Patients who dont see any improvement after their first session shouldnt give up on the treatment entirely. They should give themselves some more time. Its often recommended to wait through three cycles of Botox to see positive results. According to Migraine Canada, 10% of patients only notice improvements after their third session. These patients often have severe cases of chronic migraines.

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Where Does Botox Fit Relative To Other Treatments To Prevent Migraine

A comprehensive migraine management plan consists of maintaining a healthy lifestyle, avoiding migraine triggers as much as possible, and using over-the-counter and prescription abortive medications , as needed.

In chronic migraine, standard treatments, including daily prescription preventive medications alone or in combination, are usually tried before Botox. A disadvantage of Botox is that it must be administered through injection by a medical provider every three months in order to maintain the effect. In addition, those on Botox may need to continue taking their previous prescription migraine medications for optimal results.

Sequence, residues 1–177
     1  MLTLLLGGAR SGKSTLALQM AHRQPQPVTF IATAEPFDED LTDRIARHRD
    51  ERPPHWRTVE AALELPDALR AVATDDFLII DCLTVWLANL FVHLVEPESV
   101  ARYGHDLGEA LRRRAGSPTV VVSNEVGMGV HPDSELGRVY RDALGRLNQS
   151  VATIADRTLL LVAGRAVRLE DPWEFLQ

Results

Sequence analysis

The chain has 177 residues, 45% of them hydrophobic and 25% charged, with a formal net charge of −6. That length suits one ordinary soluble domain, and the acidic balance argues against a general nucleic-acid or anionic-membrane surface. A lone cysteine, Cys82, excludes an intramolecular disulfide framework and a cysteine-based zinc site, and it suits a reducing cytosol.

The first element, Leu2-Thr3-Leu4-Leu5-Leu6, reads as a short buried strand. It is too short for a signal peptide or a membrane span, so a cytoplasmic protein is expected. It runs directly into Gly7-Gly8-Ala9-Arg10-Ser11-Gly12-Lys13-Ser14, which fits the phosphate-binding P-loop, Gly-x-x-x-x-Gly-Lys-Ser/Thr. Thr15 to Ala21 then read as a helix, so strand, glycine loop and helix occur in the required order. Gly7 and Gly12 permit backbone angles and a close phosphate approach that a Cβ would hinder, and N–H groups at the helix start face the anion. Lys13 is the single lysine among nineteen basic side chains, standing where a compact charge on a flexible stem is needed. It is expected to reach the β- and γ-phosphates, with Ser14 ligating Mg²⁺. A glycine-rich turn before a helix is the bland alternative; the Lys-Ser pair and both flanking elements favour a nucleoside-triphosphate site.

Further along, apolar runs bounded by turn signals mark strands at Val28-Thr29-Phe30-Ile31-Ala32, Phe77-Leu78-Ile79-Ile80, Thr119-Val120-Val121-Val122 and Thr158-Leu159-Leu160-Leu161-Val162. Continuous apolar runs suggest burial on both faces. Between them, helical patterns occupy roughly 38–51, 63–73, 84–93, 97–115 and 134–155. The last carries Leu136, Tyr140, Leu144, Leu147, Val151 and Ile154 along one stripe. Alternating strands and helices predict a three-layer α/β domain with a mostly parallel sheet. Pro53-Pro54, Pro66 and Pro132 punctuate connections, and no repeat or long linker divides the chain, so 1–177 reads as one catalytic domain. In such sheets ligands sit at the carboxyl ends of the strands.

Nonetheless, Botox has become a common treatment in headache centers in the US. Botox injections are well-tolerated, beneficial, and appear to be safe for long-term management of chronic migraine.

Why Might I Need Botulinum Toxin Injections For Migraine Treatment

Botulinum toxin treatments have been proved effective in clinical trials, and are one way to treat chronic migraines. Other medications, and lifestyle changes, might be recommended. If your doctor determines that you have chronic migraines, you might be a candidate for this treatment.